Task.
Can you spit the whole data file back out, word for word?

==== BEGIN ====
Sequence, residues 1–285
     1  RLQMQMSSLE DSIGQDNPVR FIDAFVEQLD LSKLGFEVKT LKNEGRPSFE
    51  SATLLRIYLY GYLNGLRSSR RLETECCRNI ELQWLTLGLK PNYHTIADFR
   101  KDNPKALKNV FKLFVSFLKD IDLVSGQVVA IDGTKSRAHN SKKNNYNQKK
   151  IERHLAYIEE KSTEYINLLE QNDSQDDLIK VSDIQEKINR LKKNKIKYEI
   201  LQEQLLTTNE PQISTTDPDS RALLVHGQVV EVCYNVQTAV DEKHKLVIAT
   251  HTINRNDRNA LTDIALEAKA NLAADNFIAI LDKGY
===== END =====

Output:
Sequence, residues 1–285
     1  RLQMQMSSLE DSIGQDNPVR FIDAFVEQLD LSKLGFEVKT LKNEGRPSFE
    51  SATLLRIYLY GYLNGLRSSR RLETECCRNI ELQWLTLGLK PNYHTIADFR
   101  KDNPKALKNV FKLFVSFLKD IDLVSGQVVA IDGTKSRAHN SKKNNYNQKK
   151  IERHLAYIEE KSTEYINLLE QNDSQDDLIK VSDIQEKINR LKKNKIKYEI
   201  LQEQLLTTNE PQISTTDPDS RALLVHGQVV EVCYNVQTAV DEKHKLVIAT
   251  HTINRNDRNA LTDIALEAKA NLAADNFIAI LDKGY